Professor Sudha Chaudhary is one of the most active academics in Mohanlal Sukhadia University, Udaipur, who keeps inviting scholars from all over India for seminars and lectures to her campus. This is one of the jobs academics are supposed to perform as part of their duty – to expose themselves and their students to scholarship outside their campus. If the department of philosophy at MS University is known outside, it is largely because of her. She is known as a left-leaning person. But her politics did not prevent her from inviting Professor Vohra, who does not share her political views, to give a lecture on the need to have a dialogue on religion. And he went. This is how it should be. Scholars with different outlooks meet each other, exchange views, argue, discuss and debate and refine their views, if persuaded by other participants. This is how scholarship and knowledge grow.
Profesor Vohra’s lecture underlined the need to talk about religions so as to develop an empathetic understanding of religions other than one’s own and not try to look at them through analytical categories constructed in a tradition which which may have nothing in common with the one under discussion.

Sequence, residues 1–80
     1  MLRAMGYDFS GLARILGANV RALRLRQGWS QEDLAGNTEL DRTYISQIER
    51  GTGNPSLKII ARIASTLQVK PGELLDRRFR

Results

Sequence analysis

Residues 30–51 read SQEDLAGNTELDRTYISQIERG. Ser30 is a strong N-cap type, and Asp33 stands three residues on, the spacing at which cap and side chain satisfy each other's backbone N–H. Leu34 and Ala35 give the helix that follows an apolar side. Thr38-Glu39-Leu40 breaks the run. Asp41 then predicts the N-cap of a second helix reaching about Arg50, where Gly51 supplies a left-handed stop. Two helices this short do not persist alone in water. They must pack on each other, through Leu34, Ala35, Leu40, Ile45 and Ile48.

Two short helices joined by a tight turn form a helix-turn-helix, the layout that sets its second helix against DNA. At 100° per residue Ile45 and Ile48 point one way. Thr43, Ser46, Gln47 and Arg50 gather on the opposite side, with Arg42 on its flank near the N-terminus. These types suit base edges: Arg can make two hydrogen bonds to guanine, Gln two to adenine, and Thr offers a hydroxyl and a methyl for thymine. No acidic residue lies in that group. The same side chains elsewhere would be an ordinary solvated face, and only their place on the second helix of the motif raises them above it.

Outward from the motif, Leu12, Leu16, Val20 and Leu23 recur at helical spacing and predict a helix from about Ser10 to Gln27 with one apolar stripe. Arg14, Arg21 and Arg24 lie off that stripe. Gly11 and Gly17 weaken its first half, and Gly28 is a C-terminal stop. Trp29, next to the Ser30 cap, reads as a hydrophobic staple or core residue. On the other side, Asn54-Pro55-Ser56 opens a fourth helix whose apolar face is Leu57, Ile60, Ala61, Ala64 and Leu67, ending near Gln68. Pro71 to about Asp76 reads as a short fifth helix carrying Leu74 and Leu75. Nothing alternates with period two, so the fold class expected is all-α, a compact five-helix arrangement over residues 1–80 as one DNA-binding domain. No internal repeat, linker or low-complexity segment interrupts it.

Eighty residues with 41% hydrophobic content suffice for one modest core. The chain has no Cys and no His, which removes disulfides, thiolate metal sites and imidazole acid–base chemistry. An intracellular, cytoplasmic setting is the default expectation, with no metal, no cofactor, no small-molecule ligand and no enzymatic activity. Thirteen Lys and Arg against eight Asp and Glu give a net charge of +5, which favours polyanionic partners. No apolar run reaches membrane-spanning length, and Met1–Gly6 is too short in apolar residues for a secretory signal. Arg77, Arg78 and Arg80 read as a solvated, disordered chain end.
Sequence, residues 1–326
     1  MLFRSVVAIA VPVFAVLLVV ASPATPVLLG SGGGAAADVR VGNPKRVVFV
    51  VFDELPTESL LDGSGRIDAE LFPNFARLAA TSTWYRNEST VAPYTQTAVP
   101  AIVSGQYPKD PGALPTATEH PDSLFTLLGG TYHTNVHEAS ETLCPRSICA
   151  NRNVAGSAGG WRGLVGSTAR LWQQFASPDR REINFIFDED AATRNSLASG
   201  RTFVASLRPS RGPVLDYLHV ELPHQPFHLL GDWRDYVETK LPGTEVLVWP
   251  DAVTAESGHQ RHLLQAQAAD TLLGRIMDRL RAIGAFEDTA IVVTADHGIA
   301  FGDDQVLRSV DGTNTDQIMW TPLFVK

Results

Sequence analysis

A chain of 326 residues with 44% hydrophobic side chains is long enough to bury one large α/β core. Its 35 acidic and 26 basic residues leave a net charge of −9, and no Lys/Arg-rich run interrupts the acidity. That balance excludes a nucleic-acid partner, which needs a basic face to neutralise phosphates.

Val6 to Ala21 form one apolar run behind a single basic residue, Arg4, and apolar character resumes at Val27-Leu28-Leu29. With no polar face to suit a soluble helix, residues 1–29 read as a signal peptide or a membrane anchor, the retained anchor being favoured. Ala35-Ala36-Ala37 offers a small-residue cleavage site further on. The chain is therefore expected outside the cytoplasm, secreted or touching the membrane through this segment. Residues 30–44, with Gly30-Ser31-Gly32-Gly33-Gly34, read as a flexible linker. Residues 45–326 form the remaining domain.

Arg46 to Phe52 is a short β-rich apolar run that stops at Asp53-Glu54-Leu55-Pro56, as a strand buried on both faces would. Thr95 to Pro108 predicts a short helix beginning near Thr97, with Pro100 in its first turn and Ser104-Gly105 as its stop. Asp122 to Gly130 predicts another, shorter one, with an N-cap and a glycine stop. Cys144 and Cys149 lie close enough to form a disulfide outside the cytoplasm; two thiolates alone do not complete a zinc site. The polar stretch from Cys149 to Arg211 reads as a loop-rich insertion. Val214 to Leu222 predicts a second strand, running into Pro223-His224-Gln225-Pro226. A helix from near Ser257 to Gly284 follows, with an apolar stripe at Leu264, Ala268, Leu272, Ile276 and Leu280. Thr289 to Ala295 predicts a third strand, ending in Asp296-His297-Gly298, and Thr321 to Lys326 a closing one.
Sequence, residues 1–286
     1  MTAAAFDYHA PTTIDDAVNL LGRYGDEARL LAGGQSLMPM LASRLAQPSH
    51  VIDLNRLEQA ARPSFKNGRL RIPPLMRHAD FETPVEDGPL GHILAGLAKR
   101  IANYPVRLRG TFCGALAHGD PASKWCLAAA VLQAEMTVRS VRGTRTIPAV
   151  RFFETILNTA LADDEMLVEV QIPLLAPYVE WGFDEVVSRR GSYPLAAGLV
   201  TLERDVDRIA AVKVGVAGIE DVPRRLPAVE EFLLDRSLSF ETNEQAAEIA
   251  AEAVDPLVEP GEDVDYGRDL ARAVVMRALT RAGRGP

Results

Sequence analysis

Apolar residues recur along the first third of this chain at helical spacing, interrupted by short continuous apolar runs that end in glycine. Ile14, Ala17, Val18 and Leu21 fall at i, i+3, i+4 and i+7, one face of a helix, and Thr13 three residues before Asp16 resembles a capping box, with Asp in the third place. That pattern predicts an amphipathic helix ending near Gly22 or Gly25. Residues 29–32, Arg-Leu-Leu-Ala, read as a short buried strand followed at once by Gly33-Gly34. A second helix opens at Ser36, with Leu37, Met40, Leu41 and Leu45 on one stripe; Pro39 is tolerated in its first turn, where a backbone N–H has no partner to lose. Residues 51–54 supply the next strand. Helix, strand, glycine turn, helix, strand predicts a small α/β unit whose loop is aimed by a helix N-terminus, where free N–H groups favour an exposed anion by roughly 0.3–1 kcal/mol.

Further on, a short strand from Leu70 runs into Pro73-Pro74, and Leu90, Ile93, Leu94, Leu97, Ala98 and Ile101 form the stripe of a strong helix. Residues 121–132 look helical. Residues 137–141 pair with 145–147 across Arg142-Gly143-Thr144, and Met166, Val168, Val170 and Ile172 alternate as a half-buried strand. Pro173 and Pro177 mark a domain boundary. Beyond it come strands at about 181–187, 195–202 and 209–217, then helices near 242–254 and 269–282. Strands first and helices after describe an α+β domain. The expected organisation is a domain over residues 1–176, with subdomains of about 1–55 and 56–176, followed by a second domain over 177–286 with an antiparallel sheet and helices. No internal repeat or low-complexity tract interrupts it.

Vohra pointed out that every religion has its insiders and outsiders. An insider is one who believes in its foundational principles, who follows its rituals and an outsider is a person who does not believe in all this. But an outsider may approach it as a genuinely curious observer, from the point of view of a different religion.
He went on to talk about the way foreigners, especially westerners, have studied Hinduism. He explained, quoting from them extensively to show that they failed to comprehend the significance of the symbolism of various Hindu traditions. He also pointed out problems with using modern systems like psychoanalysis to, for instance, assign sexual motives to the symbols and rituals which are now part of Hinduism.